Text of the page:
prediction. As we thought it a duty in charity to warn all men, in two or three hours the news had spread through the city. At first indeed, our report met with but little credit; it being, by our greatest dealers in stocks, thought only a court artifice to sink them, that some choice favourites might purchase at a lower rate; for the South sea, that very evening, fell five per cent, the India eleven, and all the other funds in proportion. But, at the court end of the town, our attestations were entirely disbelieved, or turned into ridicule; yet nevertheless the news spread every where, and was the subject matter of all conversation. That very night (as I was credibly informed) Mr. Whiston was sent for to a great lady, who is very curious in the learned sciences, and addicted to all the speculative doubts of the most able philosophers; but he was not now to be found; and since, at other times, he has been known not to decline that honour, I make no doubt he concealed himself to attend the great business of his soul: but whether it was the lady's faith, or inquisitiveness, that occasioned her to send, is a point I shall not presume to determine. As for his being sent for to the secretary's office by a messenger, it is now known to be a matter notoriously false, and indeed at first it had little credit with me, that so zealous and honest a man should be ordered into custody, as a seditious preacher, who is known [Q to be so well affected to the present happy establishInent. It was now I reflected, with exceeding trouble and sorrow, that I had disused family prayers for above five years, and (though it has been a custom of late entirely neglected by men of any business or station) I determined within myself no longer to omit so reasonable and religious a duty. I acquainted my wife with my intentions: but, two or three neighbours having been engaged to sup with us that night, and many hours being unwarily spent at cards, I was prevailed upon by her to put it off till the next day; she reasoning, that it would be time enough to take off the servants from their business (which this practice must infallibly occasion for an hour or two every day) after the comet had made its appearance. Zachary Bowen, a quaker, and my next neighbour, had no sooner heard of the prophecy, but he made me a visit. I informed him of every thing I had heard, but found him quite obstinate in his unbelief; for, said he, be comforted, friend, thy tidings are impossibilities; for, were these things to happen, they must have been foreseen by some of our brethren. This indeed (as in all other spiritual cases with this set of people) was his only reason against believing me ; and, as he was fully persuaded that the prediction was erroneous, he in a very neighbourly manner admonished me against selling my stock at the present low price, which, he said, beyond dispute, must have a rise before Monday, when this unreasonable consternation should be over. * But on Wednesday morning (I believe to the exact calculation of Mr. Whiston) the comet appeared: for,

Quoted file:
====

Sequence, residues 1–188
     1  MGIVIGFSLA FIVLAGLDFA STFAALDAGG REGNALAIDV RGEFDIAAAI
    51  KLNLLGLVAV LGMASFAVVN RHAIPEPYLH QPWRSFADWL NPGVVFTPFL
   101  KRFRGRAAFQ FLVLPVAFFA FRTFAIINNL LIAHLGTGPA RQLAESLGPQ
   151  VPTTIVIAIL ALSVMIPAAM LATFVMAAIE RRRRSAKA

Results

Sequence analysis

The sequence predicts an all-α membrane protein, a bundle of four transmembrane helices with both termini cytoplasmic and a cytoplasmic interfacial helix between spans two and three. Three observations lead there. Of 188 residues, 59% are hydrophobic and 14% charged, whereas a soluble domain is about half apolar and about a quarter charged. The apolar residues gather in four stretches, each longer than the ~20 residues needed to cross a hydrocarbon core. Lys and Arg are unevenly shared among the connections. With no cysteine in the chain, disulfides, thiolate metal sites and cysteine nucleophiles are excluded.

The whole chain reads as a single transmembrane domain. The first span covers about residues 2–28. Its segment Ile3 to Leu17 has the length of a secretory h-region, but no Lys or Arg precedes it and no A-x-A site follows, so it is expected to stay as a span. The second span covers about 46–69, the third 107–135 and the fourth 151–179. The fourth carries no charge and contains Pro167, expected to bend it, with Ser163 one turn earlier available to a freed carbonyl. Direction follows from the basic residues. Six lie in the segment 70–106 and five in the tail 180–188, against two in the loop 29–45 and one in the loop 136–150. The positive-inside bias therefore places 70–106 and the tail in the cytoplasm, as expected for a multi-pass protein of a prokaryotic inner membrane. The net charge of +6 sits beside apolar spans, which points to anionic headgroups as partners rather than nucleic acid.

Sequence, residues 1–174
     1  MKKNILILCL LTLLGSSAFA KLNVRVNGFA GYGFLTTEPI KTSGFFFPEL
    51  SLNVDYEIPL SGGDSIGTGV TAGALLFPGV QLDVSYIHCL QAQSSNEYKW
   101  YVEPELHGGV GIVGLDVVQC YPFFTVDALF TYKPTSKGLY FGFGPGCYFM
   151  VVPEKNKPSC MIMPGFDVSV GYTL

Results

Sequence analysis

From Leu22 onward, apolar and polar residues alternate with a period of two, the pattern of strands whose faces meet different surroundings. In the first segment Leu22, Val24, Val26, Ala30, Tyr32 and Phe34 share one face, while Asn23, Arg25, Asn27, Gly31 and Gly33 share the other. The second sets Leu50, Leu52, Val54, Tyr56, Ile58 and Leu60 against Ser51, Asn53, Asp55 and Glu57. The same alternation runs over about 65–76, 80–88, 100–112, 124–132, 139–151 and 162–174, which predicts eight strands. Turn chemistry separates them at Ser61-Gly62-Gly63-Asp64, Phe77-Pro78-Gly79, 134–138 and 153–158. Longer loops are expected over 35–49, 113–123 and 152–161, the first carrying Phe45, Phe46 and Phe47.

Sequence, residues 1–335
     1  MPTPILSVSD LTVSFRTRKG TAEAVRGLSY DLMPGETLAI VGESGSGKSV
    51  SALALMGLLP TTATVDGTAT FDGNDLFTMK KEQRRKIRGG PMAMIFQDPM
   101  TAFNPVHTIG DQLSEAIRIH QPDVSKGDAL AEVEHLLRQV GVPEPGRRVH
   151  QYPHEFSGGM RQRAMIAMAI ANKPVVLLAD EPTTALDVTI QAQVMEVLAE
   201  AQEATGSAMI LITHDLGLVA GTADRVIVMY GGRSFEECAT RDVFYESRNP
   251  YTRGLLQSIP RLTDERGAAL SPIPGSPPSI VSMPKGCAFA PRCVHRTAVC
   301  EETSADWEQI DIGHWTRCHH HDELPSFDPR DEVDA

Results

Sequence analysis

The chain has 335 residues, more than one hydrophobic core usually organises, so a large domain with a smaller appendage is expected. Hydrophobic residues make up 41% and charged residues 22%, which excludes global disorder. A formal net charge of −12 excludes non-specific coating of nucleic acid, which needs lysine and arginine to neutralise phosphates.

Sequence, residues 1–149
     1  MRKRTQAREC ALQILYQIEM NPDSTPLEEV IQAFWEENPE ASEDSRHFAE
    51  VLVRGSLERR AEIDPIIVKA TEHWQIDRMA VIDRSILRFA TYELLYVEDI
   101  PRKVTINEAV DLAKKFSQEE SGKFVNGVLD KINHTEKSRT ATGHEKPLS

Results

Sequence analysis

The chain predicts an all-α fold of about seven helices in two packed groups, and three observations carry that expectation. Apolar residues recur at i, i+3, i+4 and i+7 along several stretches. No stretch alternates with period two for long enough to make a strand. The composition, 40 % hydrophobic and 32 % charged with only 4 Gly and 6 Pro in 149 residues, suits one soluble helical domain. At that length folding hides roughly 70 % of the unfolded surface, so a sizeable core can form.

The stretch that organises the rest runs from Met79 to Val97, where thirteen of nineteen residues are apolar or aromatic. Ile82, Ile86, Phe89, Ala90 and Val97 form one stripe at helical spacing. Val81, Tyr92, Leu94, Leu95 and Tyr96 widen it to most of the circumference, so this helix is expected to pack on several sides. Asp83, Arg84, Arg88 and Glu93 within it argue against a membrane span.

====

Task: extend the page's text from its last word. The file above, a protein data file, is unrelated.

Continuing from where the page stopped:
at three minutes after five by my own watch, I saw it. it. He indeed foretold, that it would be seen at five minutes after five; but, as the best watches may be a minute or two too slow, I am apt to think his calculation just to a minute. In less than a quarter of an hour, all Cheapside was crowded with a vast concourse of people, and notwithstanding it was so early, it is thought that, through all that part of the town, there was not man, woman, or child, except the sick or infirm, left in their beds. From my own balcony, I am confident, I saw several thousands in the street, and counted at least seventeen, who were upon their knees, and seemed in actual devotion. Eleven of them, indeed, appeared to be old women of about fourscore; the six others were men in an advanced life, but (as I could guess) two of them might be under seventy. It is highly probable, that an event of this nature may be passed over by the greater historians of our times, as conducing very little or nothing to the unravelling and laying open the deep schemes of politicians, and mysteries of state; for which reason, I thought it might not be unacceptable to record the facts, which, in the space of three days, came to my knowledge, either as an eyewitness, or from unquestionable authorities; nor can I think this narrative will be entirely without its use, as is may enable us to form a more just idea of our countrymen in general, particularly in regard to their faith, religion, morals, and politicks. Before Wednesday noon, the belief was universal, that the day of judgment was at hand, insomuch, that a waterman of my acquaintance told me, he counted no less than one hundred and twenty-three clergymen, who had been ferried over to Lambeth before twelve o'clock: